Throughput improvement can be seen in the following example, comparing CMP or removal of a standard 1000 nm thick post-ECD layer with a 200 nm thick, flat, post-ECMP layer of the preferred embodiments. In the removal of the 1000 nm thick film, in the first stage, 800 nm copper of the 1000 nm copper is removed using CMP with a removal rate of 600 nm/minute. This is the bulk Cu removal and planarization step of the prior art approach. Removal of 800 nm copper is completed within 1.3 minutes. In the second stage, the remaining 200 nm of the copper is removed using a removal rate of about 300 nm/minute, which lasts 0.66 minutes. Then a 30% overpolish time of about 0.39 minute is used to totally clear the copper from over the insulator. An approximately 15 nm thick barrier layer is then removed within 1 minute. Total time for this prior art process sequence is about 3.35 minutes.

With the ECMP planarized 200 nm layer, again, it may take 0.66 minute to remove the 200 nm thick copper. However, in this case a 30% overpolish time is 30% of 0.66 minutes, or about 0.19 minute. With a 1 minute barrier layer removal time, the total process time comes to about 1.85 minute, resulting in a throughput that is about 45% higher than the prior art process. Fast processing also reduces the cost of consumables used in the Cu CMP steps, with attendant economic benefit.

As discussed above, while a single robot 609 is illustrated for each of the cluster tools, it will be understood that separate robots can be provided for front end and back end operations within the cluster tool. In use, batches of wafers can be simultaneously processed in the ECD tool, transferred to the ECMP tool for flattening and thinning the copper layer, and then the batch can then be transferred with flat, thin copper layers to the separate CMP tool for a rapid and uniform CMP removal of the remaining thin copper layer (e.g., 100-300 nm) and removal of the barrier layer. It should be understood that well-known edge copper removal steps or edge bevel removal (EBR) steps may be carried out during the process steps before annealing described above. It is well known that the edge and bevel of the wafer should be cleared off copper before annealing so that copper does not diffuse into the areas where active devices are during the anneal step.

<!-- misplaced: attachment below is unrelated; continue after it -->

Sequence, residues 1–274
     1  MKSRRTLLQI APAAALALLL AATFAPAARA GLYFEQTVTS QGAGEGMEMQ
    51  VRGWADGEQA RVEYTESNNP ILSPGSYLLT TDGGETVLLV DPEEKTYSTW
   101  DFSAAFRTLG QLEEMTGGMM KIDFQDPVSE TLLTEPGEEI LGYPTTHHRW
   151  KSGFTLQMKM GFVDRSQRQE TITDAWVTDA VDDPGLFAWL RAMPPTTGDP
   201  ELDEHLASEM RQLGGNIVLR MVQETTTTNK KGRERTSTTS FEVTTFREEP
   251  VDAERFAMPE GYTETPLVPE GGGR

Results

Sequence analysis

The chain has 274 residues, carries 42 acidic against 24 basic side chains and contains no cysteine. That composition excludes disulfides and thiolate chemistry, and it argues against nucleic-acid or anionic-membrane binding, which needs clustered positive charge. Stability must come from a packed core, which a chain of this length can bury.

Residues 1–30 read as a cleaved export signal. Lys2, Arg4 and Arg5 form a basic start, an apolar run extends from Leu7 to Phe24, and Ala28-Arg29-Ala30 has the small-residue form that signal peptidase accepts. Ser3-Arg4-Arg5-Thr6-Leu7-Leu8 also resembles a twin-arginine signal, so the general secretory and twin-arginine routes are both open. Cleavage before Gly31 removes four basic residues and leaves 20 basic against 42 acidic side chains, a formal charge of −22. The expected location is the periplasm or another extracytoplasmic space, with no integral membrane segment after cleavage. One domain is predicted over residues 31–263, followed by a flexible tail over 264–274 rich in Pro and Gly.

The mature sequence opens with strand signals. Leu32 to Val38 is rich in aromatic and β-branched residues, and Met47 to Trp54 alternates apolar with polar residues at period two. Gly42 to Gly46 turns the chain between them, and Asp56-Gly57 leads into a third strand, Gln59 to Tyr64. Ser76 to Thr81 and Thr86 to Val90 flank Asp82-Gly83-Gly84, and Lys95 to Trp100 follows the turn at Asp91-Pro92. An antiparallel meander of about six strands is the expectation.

Although various preferred embodiments have been described in detail above, those skilled in the art will readily appreciate that many modifications of the exemplary embodiment are possible without materially departing from the novel teachings and advantages of this invention.

Referenced by
Citing PatentFiling datePublication dateApplicantTitle
US7257893 *Jun 5, 2006Aug 21, 2007Novellus Systems, Inc.Efficient wafer processing technology
US7368379 *Aug 4, 2005May 6, 2008Taiwan Semiconductor Manufacturing Company, Ltd.Multi-layer interconnect structure for semiconductor devices
US7976723 *May 17, 2007Jul 12, 2011International Business Machines CorporationMethod for kinetically controlled etching of copper
US7998809 *May 15, 2006Aug 16, 2011Micron Technology, Inc.Method for forming a floating gate using chemical mechanical planarization
US8143166 *Mar 11, 2008Mar 27, 2012Globalfoundries Singapore Pte. Ltd.Polishing method with inert gas injection
Classifications
U.S. Classification438/626, 438/691, 257/E21.583, 438/678, 257/E21.175
International ClassificationH01L21/44, H01L21/302, H01L21/461, H01L21/4763
Cooperative ClassificationC25D17/001, C25D7/123, H01L21/7684, H01L21/32125, H01L21/76877, H01L21/2885
European ClassificationC25D7/12, H01L21/768C4, H01L21/288E, H01L21/321P2B, H01L21/768C2